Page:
Great Storytelling and Gives Voice to a Forgotten Group
Most Americans and even many historians forget the reason why Dr. King came to Memphis; this documentary tells the story of the sanitation workers' strike in 1968.
Ignored by the labor unions, the white power structure, and even their fellow citizens, these workers walked off the job in early 1968 over poor working conditions and poor wages.
The support of the women, children, and others in the African American community of Memphis is demonstrated in this film; without this support, the workers' cause would not have gone on for as long as it did.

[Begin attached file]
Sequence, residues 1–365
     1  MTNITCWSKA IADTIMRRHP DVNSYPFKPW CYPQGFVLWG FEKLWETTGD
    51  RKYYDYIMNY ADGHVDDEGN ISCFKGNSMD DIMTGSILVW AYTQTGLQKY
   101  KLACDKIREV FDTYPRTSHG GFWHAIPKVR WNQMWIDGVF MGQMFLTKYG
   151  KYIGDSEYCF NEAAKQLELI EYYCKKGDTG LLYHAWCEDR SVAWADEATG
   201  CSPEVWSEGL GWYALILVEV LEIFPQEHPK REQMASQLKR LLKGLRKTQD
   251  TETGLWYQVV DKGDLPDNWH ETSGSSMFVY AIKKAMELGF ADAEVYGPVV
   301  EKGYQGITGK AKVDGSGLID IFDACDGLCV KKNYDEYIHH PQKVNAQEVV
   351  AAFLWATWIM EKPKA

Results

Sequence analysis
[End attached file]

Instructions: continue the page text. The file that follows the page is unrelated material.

The filmmakers, like most good storytellers, chose an antagonist (Mayor Henry Loeb) and used the workers, not Dr. King, as their protagonists.
The film is narrated (ably by Paul Winfield) in the present tense, although it was made in 1993; the 'modern' interviews, filmed that same year, give great perspective and commentary to the narration's reportage. The filmmakers used footage that had been collected at that time to show the events of 1968, and the interviews 25 years later mesh seamlessly.
The true 'star' of this documentary is the sanitation workers who did the job no one else wanted to do but had the courage to stand up and say to the world, "I AM a man!"
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